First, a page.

I have a set of data with many samples and many features, but where half of the data is missing one variable (call it A), which is composed of four categories. Based on the half of data which has A, I want to know what category the samples without A would most likely be in if they did have A.

I could build a classifier based on the data with A, and predict the data without A (this is the best route IMHO).

But I'm wondering, out of curiosity, if this method could also be a very, very, very rough way of doing something similar:

  1. Cluster the data which has A into the same number of clusters as categories in A (in this case four).

  2. Check for an an association between the clusters and the categories in A (using a frequency table and chi-square test).

  3. If there is an association, run the data without A through the clustering model to figure out what category of A it's most likely associated with (based on what cluster it is in).



3 Answers 3


I think the question you're wrestling with is essentially this: Is there a way to use information that may be present in the data without A as part of your strategy for predicting A? There is actually a name for the set of methods that do exactly that: semi-supervised learning.

While there are multiple techniques, a method analogous to what you suggest in your question would be something like the following. Here I refer to the set of data with A as labeled and the rest as unlabeled.

  1. Apply an unsupervised learning technique (such as clustering) to the full data set (both labelled and unlabelled).

  2. Transform the labelled data based on the result of your unsupervised learning technique.

  3. Apply a supervised learning technique with the transformed set (possibly combined with the original set) of labelled data.

Generally you would want to apply a cross-validation strategy as well to detect overfitting.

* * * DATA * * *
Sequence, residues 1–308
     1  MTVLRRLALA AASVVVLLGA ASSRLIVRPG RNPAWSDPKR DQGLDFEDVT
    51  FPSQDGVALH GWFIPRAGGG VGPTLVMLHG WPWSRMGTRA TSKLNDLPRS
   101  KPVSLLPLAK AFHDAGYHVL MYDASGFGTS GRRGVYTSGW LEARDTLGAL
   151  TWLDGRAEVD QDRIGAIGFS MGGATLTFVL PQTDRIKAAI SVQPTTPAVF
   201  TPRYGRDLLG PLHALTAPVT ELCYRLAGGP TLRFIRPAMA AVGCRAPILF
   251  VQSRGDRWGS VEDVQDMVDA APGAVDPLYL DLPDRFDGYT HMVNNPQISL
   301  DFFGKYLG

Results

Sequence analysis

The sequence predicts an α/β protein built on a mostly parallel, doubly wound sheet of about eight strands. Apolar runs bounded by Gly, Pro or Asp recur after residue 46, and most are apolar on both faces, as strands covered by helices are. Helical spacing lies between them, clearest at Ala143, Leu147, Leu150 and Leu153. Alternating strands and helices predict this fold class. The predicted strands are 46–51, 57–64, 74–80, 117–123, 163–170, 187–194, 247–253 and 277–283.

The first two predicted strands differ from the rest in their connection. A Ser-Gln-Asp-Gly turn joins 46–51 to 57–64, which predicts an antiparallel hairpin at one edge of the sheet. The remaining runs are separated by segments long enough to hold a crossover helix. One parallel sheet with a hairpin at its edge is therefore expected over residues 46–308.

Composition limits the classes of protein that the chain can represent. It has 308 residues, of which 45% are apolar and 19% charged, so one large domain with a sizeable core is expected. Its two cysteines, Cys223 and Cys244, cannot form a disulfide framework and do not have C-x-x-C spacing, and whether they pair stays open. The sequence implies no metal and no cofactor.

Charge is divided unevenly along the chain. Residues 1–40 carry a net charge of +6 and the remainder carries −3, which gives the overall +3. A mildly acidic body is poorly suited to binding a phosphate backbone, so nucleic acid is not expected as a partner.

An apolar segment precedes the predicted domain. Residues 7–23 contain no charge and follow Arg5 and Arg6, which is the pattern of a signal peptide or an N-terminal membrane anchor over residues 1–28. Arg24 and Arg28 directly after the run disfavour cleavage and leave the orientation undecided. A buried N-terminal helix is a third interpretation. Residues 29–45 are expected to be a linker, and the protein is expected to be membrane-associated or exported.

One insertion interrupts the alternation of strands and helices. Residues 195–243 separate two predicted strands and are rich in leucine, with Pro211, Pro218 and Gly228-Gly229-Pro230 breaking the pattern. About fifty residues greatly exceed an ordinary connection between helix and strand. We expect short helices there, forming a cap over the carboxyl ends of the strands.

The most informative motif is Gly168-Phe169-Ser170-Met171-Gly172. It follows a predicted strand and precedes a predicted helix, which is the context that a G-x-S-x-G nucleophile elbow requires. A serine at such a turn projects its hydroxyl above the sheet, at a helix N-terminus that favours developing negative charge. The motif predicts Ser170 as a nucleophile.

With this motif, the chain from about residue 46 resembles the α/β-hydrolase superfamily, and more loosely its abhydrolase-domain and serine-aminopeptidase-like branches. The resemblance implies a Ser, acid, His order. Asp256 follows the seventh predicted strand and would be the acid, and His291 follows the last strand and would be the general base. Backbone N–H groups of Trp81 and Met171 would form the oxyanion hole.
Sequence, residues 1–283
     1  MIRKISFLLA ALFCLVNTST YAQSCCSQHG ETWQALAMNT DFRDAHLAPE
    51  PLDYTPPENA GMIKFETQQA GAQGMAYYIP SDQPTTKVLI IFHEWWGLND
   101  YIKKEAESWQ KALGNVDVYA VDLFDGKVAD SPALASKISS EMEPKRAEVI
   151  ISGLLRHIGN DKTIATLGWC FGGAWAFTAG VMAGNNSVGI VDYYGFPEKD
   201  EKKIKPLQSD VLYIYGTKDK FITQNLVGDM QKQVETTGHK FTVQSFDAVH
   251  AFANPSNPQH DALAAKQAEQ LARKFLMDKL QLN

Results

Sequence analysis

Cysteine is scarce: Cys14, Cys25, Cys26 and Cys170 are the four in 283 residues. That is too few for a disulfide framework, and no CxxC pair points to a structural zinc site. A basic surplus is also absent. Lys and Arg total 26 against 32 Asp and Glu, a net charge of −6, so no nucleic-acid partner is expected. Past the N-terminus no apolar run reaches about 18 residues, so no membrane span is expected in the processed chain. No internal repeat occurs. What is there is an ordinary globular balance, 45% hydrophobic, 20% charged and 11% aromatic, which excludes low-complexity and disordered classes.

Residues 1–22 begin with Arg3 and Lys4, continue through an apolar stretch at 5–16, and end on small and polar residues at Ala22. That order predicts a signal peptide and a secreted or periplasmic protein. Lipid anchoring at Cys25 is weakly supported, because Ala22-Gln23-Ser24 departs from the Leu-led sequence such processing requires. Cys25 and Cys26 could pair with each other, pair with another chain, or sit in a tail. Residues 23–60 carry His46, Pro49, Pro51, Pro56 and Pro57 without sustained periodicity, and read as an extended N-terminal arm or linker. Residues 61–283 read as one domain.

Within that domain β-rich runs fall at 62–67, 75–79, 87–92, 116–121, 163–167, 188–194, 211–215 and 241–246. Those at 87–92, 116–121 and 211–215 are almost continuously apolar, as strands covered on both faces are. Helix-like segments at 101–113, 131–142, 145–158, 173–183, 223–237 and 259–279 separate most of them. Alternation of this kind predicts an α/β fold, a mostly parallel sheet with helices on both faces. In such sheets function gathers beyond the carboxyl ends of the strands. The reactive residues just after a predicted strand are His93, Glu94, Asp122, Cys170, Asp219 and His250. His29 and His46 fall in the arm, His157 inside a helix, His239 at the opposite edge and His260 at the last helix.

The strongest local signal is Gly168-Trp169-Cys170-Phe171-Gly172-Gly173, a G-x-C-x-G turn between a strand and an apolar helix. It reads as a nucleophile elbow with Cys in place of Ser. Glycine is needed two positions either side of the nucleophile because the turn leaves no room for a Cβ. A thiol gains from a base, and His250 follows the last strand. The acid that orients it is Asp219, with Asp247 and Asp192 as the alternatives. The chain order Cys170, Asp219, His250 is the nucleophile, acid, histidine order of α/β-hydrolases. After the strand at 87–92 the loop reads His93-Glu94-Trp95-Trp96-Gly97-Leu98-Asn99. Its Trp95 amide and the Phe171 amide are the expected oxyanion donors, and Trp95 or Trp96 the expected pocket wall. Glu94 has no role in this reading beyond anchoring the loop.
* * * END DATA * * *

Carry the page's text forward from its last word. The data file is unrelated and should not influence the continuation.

I try to stay away from bounty problems as they seem to lead to one upmanship, but I can't resist this one as its an interesting question...

The upper classification method that your describe sounds spot on. Use that one!

The bottom method has a number of issues:

How would you know that the clusters you get out would correspond to the categories of A? The answer is that you wouldn't. There are other data features and the clusters would be a linear superposition of the maximum separation between the various variables.

I guess you could standardize your data and then coax the clusters to conform to the separation along A by multiplying the A feature by a factor greater than 1 (~2-10), but this seems like more of a bastardization of clustering than a good process.

The main issue that I see with your method is that you are essentially employing a semi-supervised learning methodology, but you don't need to because you have the data to solve this as a supervised learning problem. It would be a good methodology if you only had a handful of labeled A values, but since you have lots more data, you should harness the power of that data that you have. The supervised learning problem will fully harness the variance of your data and much of that will be thrown out in the semi-supervised learning methodology.

Hope this helps and good luck!


Clustering techniques at high dimensionality tend to be unstable/inaccurate. As such, if you are able to accurately classify one column based on others, then you are well suited with pursuing a dimensionality reduction technique such as Non-negative matrix factorization. In this way, you can simply remove the column from all data (as the other columns hold the same information), and then cluster on the reduced space.


Your Answer

By clicking “Post Your Answer”, you agree to our terms of service and acknowledge you have read our privacy policy.

Not the answer you're looking for? Browse other questions tagged or ask your own question.